A trio of atmospheric horror tales about: A woman terrorized in her apartment by phone calls from an escaped prisoner from her past; a Russian count in the early 1800s who stumbles upon a ... See full summary »
In the 9th Century, two Viking children, separated since their early childhood with one raised by the British and the other by Vikings, meet after nearly 20 years as rivals as war breaks ... See full summary »
A vengeful witch and her fiendish servant return from the grave and begin a bloody campaign to possess the body of the witch's beautiful look-alike descendant. Only the girl's brother and a... See full summary »
Nefarious mad scientist Dr. Goldfoot once again plots to take over the world by creating female robot bombs specifically designed to blow up high-ranking generals of NATO countries. ... See full summary »
Archaeologists investigating some Mayan ruins come across a blob-like monster. They manage to destroy it with fire, but keep a sample. Meanwhile, a comet is due to pass close to the Earth -... See full summary »
The owner of a design house busies himself murdering the new brides who have modelled his bridal fashions. When he decides to murder his wife, she becomes the ghost that wouldn't leave. Written by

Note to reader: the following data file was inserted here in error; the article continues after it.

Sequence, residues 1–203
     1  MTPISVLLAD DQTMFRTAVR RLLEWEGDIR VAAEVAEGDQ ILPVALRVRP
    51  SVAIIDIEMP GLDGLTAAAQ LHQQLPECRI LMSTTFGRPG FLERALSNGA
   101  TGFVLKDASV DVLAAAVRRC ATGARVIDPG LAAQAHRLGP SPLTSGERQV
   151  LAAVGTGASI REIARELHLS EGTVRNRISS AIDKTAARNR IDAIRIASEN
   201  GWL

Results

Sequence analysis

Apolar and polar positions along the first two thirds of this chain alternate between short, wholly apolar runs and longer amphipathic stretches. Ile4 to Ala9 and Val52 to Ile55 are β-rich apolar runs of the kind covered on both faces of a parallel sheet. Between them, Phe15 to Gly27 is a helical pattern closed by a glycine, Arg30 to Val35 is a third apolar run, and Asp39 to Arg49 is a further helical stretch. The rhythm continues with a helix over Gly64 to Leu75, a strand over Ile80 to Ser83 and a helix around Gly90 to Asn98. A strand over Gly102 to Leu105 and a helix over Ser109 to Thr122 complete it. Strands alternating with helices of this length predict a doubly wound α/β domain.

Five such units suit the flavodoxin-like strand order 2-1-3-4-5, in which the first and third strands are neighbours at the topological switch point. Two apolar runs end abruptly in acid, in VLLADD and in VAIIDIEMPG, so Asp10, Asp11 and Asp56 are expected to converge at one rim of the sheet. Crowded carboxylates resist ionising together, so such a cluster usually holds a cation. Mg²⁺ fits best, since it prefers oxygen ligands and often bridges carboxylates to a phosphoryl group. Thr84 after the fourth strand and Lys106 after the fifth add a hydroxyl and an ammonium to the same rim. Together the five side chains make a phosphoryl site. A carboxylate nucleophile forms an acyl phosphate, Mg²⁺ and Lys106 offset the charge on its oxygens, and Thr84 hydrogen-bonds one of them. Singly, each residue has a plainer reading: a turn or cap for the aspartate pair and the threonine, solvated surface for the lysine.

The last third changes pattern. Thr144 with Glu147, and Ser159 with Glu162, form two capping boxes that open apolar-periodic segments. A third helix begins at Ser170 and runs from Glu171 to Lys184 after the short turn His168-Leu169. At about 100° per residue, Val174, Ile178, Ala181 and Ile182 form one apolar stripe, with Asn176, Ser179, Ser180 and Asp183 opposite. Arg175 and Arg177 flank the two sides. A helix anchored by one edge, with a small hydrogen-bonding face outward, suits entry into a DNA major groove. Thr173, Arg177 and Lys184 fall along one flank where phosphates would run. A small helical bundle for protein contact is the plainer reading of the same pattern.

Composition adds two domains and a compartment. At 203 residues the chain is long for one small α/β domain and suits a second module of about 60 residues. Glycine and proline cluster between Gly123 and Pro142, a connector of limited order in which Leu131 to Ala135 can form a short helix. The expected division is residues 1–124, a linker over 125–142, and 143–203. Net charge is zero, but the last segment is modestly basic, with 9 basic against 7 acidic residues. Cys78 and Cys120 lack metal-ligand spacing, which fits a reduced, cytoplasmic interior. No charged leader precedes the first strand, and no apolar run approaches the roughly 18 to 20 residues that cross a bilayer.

Ed Sutton <firstname.lastname@example.org>
In certain foreign releases of the film Stephen Forsyth's character is re-named "Oliver Barrington." This may be due to distributors feeling that the name "John Harrington" was too generic for the character. See more »
When a newspaper close-up is shown, with a report of a murder on a train on the front page, the French word for wife (Epouse) is misspelled. See more »
A note: Was this movie ever called in English HATCHET FOR A HONEYMOON, rather than the awkward HATCHET FOR THE HONEYMOON? I seem to recall this from a Leonard Maltin book circa 1978. Or am I as cracked as Bava's protagonist?
For my money, this is primo vintage Bava--which is to say Dario Argento in top hat and tails, Jess Franco with a finishing-school diploma, or, to look at the glass as half empty, Richard Lester after three hits of dirty windowpane acid.
To top this voiceover narration, you'd have to go either to BARRY LYNDON or, on the other hand, MASSACRE MAFIA STYLE: "My name is John Harrington. I'm thirty years old. I am a paranoiac. Paranoiac! What a marvellous world. So delicate. And full of possibilities. The fact is, I'm completely mad." And so is Bava's odyssey through the crazy-straw-shaped brain of J. Harrington, Esq., a hunky sociopath whose sexual fires are only stoked by burying a hatchet in the flesh of virginal-looking brides in their white-veiled drag--and, when they have the ill fortune to be there, their bridegrooms.
The hyper-lusciosity of Bava's style suggests a Bertolucci blissfully unconcerned with agrarian collectivism. Mate that rococo with Nicolas Roeg's brand of kaleidoscopus maximus and you have an inkling of what Signior Mario is up to. Note to Greil Marcus: as a sequel to "Lipstick Traces," how about a book tracing the parallel histories of canonical surrealism (Bunuel-Dali-Aragon-Bataille) and Italian horror of the seventies?
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